Field Crop Update, June 14, 2023

Erik Smith, Area Field Crop Specialist
Central New York Dairy and Field Crops

June 15, 2023

1. Field Observations

The Update is a day early again this week, so here is the drought map from JUNE 8th. Most of us received about an inch (or more) of rain this week and are expecting more over the next 10 days. That's some welcome news because our hayfields and pastures have a lot of catching up to do….

Drought Map

2. Growing Degree Days (See: Climate Smart Farming Growing Degree Day Calculator)

Growing degree days (GDD) are calculated by taking the average daily temperature and subtracting the base temperature for development of a given organism ((High + Low)/2 - base temp = GDD). For corn silage, we are using base 50/86, as corn development starts at 50 degrees F and ceases above 86. Check your location and planting date:

Growing degree days for June 13
Growing degree days for June 13

3. Pest and disease monitoring

Cereal Leaf Beetle

Be on the lookout if you've had problems in the past. Numbers are increasing each year, all over the state.

Potato Leafhopper and Alfalfa Weevil

We are seeing only very few leafhoppers (far, far below threshold), but we are still seeing alfalfa weevil damage and larvae in fields. However, the larvae are reaching their 4th and final stage before pupating in much of our region. They cause their worst damage in this stage, but spraying to control them at this advanced stage is likely not economical, especially if your stand is 16" or taller. But you may see a return if you're in a higher elevation area (cooler climate, which means the weevils will be in their earlier growth stages), your stand is at least 50% alfalfa, shorter than 16", and you're seeing damage on 50% of the alfalfa stems in your field. 

Black Cutworm (BCW) and True Armyworm (TAW)

Numbers are still low this week, but I have seen some (very sparse) cutworm damage in our region. So continue to check your fields until V6 (~12") for cutworm damage.

cutworm damage
traps checked

Fusarium head blight in winter grains

As winter grains begin and continue to flower, now would be the time to decide whether to protect crops from fusarium head blight. According to the Fusarium Risk Tool, the 6-day risk forecast in our region is increasing:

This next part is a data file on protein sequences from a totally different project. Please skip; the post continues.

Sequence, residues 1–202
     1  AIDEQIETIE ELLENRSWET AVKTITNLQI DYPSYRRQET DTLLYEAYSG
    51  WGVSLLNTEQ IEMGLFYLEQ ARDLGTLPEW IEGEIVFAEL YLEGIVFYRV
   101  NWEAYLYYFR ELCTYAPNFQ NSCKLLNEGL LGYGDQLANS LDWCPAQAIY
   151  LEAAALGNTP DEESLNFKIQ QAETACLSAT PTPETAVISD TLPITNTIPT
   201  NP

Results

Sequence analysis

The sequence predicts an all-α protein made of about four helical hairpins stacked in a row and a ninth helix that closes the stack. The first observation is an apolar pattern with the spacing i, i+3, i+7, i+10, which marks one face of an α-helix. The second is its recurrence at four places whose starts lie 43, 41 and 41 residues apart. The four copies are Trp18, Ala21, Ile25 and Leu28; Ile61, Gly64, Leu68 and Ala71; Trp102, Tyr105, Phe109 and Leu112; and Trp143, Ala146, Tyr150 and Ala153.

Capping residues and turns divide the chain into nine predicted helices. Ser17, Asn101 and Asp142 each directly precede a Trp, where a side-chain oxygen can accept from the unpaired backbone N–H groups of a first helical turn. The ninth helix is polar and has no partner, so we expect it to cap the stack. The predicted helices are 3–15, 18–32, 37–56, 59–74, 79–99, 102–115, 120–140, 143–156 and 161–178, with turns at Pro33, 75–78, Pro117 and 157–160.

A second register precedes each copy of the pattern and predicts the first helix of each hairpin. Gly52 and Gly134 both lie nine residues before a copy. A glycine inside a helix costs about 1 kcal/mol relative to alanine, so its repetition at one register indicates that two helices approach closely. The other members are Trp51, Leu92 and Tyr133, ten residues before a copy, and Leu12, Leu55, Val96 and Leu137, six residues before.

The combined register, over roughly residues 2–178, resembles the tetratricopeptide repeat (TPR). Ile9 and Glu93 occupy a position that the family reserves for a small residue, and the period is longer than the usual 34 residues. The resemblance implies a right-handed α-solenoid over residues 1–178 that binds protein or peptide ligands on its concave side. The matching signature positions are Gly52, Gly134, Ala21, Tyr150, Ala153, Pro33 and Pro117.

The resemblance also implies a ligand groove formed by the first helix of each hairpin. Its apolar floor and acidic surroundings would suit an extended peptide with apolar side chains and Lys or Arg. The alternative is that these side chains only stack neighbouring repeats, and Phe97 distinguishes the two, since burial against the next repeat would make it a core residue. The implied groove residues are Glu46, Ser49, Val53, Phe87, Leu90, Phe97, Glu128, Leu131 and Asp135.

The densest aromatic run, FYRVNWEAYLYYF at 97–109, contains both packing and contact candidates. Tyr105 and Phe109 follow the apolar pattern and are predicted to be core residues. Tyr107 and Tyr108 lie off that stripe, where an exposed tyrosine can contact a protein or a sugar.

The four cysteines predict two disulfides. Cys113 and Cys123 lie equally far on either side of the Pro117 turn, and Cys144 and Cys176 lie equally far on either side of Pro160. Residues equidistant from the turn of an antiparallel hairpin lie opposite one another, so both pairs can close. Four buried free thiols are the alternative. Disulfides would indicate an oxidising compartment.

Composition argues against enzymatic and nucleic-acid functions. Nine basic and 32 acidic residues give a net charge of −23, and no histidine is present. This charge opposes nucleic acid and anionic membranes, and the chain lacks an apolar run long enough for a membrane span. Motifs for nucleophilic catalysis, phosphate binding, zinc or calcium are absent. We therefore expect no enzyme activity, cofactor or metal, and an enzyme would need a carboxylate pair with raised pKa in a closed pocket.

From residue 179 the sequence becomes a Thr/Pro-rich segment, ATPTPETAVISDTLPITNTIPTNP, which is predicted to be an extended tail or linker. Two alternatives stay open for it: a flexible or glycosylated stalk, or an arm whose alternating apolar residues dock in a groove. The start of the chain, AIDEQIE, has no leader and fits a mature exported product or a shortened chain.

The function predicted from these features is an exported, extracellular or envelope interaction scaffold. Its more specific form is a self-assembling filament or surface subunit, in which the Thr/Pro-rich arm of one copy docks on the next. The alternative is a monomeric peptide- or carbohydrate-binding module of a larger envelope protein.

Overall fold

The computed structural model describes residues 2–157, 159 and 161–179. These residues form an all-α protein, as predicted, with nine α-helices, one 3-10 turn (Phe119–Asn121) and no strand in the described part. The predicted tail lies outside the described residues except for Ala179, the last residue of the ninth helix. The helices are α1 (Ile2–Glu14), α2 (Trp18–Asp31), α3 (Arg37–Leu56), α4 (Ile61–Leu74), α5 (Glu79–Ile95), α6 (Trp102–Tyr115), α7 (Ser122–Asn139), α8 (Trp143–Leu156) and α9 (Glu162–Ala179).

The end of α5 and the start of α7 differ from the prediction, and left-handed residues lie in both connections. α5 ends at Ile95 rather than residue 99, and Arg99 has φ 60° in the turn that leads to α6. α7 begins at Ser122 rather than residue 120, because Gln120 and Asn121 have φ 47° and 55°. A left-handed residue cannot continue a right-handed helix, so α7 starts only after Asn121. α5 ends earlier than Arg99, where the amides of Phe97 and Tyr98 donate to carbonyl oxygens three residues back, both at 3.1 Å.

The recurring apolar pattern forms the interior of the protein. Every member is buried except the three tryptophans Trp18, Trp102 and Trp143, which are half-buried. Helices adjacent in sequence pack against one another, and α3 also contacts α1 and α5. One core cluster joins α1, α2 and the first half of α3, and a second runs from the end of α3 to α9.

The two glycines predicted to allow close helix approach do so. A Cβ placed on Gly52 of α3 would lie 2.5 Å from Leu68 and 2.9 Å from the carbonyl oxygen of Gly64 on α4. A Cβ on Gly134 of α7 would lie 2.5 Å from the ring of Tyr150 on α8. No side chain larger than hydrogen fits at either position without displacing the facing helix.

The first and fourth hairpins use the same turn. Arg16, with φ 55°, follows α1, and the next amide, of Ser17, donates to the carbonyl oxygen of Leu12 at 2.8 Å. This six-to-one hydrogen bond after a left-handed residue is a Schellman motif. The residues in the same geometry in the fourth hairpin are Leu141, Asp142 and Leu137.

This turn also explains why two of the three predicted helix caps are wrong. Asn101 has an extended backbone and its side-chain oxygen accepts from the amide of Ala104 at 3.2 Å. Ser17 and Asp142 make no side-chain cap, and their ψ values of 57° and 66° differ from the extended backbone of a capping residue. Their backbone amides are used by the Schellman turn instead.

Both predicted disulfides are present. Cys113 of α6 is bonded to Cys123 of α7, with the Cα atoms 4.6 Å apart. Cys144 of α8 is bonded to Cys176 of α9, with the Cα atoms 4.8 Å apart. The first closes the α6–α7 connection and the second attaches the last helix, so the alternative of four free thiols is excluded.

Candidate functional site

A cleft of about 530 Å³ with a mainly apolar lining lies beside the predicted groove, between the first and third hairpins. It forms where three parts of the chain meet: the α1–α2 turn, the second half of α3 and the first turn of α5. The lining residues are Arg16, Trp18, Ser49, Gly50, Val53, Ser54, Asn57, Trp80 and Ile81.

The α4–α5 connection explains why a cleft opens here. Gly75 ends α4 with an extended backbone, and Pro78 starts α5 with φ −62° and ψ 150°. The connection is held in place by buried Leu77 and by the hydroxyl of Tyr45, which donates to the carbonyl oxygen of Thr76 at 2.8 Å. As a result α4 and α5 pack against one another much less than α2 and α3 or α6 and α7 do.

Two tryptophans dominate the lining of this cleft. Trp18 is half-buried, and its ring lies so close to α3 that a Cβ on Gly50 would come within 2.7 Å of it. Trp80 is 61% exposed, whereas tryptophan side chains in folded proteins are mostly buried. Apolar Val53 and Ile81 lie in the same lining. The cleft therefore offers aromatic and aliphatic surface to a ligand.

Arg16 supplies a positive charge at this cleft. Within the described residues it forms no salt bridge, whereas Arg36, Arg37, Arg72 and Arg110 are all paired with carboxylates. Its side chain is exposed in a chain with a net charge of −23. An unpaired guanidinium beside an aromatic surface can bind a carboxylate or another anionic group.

Fusarium map

NY Jun 1, 2023 Gary Bergstrom, Extension Plant Pathologist, Cornell University

Winter wheat heads have emerged from the boot nearly everywhere and many are now flowering (yellow anthers visible) in fields across New York State. This is a critical time for making a fungicide spray decision. The fungicide products Caramba, Miravis Ace, Prosaro, Prosaro Plus, and Sphaerex are each labeled on wheat in New York and are effective in suppression of Fusarium head blight (FHB) and deoxynivalenol (DON) mycotoxin contamination. An application of these fungicide products should be based on FHB risk as well as the risks of powdery mildew, rusts, and fungal leaf blotches in the upper canopy based on scouting of individual fields. There is an application window of approximately 7 days starting at beginning of flowering in which reasonable FHB and DON suppression can be expected. Though the calculated risk of FHB infection is currently low due to dry conditions, the risk level may change in following days. Also consider microenvironments near lakes, in river valleys and next to woods that tend to have persistent dew, and other fields that have a history of mycotoxin contamination. Check the Fusarium Risk Assessment Tool and your local weather forecast frequently.







Dairy

Dairy

Livestock

Livestock

Forages

Forages

Grains

Grains

Upcoming Events

Parasite Fecal Analysis Roadshow II

June 10, 2024 : SUNY Morrisville
Morrisville, NY